The ICJ is also concerned that the passing of the new Penal Code was seemingly rushed, with public feedback on the draft legislation prior to its adoption having been disregarded. For one, the ICJ had previously expressed concern that several provisions of the then Penal Code Bill were inconsistent with Indonesia’s obligations under international human rights law. Other civil society organizations registered similar concerns, and there were also various protests across the country against the law. Those concerns were ignored for all intents and purposes.
Undermining Freedom of Expression and Information
The new Criminal Code contains several provisions that may be used to arbitrarily restrict the right to freedom of expression and information.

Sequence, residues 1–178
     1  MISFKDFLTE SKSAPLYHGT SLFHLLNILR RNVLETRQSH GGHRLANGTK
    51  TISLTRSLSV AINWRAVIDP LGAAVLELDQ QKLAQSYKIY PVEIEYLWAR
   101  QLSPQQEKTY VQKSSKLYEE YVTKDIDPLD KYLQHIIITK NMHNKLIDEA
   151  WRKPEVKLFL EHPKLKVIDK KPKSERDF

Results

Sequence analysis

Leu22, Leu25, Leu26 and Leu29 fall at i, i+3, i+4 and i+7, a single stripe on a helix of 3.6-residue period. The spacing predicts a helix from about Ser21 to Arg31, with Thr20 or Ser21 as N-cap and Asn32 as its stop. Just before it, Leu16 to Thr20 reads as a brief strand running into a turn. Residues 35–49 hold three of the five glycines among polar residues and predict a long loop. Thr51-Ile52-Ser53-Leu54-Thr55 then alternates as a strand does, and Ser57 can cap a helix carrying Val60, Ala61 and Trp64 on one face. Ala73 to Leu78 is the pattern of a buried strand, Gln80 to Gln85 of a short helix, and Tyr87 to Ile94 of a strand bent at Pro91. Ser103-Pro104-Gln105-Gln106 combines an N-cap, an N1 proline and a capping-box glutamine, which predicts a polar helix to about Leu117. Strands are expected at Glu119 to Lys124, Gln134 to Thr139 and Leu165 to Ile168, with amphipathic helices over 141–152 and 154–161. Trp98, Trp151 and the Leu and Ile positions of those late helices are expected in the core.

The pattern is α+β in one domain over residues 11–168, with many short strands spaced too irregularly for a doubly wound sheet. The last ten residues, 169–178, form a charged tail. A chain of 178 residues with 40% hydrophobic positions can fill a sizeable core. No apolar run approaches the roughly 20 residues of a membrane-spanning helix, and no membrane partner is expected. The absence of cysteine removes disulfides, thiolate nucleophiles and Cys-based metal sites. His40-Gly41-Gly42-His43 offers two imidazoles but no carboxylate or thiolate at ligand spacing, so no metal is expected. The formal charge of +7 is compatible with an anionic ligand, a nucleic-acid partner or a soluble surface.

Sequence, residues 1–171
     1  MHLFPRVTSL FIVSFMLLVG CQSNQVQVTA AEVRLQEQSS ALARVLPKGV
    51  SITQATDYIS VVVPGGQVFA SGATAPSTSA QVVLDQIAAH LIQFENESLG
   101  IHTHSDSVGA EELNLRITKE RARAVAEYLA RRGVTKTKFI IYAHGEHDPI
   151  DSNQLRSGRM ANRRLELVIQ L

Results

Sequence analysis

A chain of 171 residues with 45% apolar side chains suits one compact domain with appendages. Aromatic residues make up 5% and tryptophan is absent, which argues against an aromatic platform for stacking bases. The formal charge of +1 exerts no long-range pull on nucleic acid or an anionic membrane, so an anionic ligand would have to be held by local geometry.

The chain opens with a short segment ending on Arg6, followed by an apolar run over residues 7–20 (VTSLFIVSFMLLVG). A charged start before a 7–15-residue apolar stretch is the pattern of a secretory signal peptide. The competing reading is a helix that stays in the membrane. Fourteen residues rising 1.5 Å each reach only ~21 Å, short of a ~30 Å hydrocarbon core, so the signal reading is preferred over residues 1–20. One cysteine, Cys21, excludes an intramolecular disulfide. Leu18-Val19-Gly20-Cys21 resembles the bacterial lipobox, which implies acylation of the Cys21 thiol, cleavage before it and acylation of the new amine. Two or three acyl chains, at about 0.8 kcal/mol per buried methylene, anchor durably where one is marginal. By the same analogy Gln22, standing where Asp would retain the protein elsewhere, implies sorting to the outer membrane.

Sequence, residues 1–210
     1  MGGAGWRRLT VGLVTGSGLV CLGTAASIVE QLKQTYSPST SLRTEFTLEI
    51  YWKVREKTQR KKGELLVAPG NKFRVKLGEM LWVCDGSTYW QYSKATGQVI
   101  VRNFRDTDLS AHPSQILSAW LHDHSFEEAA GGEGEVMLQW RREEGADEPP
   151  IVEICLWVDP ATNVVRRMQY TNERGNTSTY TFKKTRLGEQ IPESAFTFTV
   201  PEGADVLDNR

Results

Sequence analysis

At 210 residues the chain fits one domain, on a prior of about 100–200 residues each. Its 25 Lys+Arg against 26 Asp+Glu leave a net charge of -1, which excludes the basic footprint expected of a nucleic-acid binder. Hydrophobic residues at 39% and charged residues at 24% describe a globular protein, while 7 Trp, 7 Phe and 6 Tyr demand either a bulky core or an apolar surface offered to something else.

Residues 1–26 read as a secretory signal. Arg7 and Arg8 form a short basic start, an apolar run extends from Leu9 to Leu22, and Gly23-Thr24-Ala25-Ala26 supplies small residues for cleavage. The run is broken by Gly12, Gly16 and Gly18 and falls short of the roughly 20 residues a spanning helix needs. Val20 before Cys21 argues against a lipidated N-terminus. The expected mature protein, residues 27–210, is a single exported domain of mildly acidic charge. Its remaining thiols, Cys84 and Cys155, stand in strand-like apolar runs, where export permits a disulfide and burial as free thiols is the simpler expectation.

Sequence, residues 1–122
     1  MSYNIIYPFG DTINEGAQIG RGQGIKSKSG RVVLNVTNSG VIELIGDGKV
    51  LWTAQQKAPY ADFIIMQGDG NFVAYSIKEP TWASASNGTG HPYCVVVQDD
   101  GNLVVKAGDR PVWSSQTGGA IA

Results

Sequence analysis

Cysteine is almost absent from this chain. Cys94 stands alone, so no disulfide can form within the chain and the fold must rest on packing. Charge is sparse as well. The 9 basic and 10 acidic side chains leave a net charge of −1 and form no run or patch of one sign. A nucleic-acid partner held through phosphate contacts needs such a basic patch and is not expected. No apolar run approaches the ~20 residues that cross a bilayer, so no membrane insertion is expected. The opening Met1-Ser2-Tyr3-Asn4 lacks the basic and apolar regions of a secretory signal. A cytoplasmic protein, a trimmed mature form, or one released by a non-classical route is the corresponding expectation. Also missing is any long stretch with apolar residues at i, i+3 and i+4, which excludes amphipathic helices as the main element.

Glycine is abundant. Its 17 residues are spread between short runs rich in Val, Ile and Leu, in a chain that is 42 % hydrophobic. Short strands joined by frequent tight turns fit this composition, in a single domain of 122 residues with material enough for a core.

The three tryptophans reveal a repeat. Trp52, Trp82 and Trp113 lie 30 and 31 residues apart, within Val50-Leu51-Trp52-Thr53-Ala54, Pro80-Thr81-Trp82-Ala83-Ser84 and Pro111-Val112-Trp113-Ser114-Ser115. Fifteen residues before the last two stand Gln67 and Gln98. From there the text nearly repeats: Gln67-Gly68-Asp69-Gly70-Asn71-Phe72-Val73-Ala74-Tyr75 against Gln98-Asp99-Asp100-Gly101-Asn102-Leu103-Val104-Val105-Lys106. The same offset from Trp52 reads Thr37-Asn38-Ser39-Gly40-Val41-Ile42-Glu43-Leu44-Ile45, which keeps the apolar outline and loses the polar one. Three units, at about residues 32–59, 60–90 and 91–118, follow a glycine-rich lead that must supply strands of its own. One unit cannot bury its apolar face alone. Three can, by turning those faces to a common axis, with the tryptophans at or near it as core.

“Several provisions of the new Penal Code are incompatible with Indonesia’s obligations under the ICCPR to respect and protect the right to freedom of expression. They are vague and overbroad, wrongly criminalize free expression in offline and online spaces, and prescribe disproportionate and unnecessary sanctions,” said Daron Tan, ICJ Associate International Legal Adviser.
For instance, Article 188 criminalizes “the spread and development” of ideologies that contradict ‘Pancasila’, Indonesia’s state ideology; on conviction, the offence is punishable with the imposition of a sentence of up to seven years’ imprisonment if it is committed “with the intention to change or replace ‘Pancasila’ as the state foundation”. This provision is vague and overbroad, in contravention of the principle of legality, which requires that laws be “formulated with sufficient precision to enable an individual to regulate his or her conduct”. The ICJ is profoundly concerned that Article 188 will be invoked to criminalize the legitimate work of human rights defenders in the country.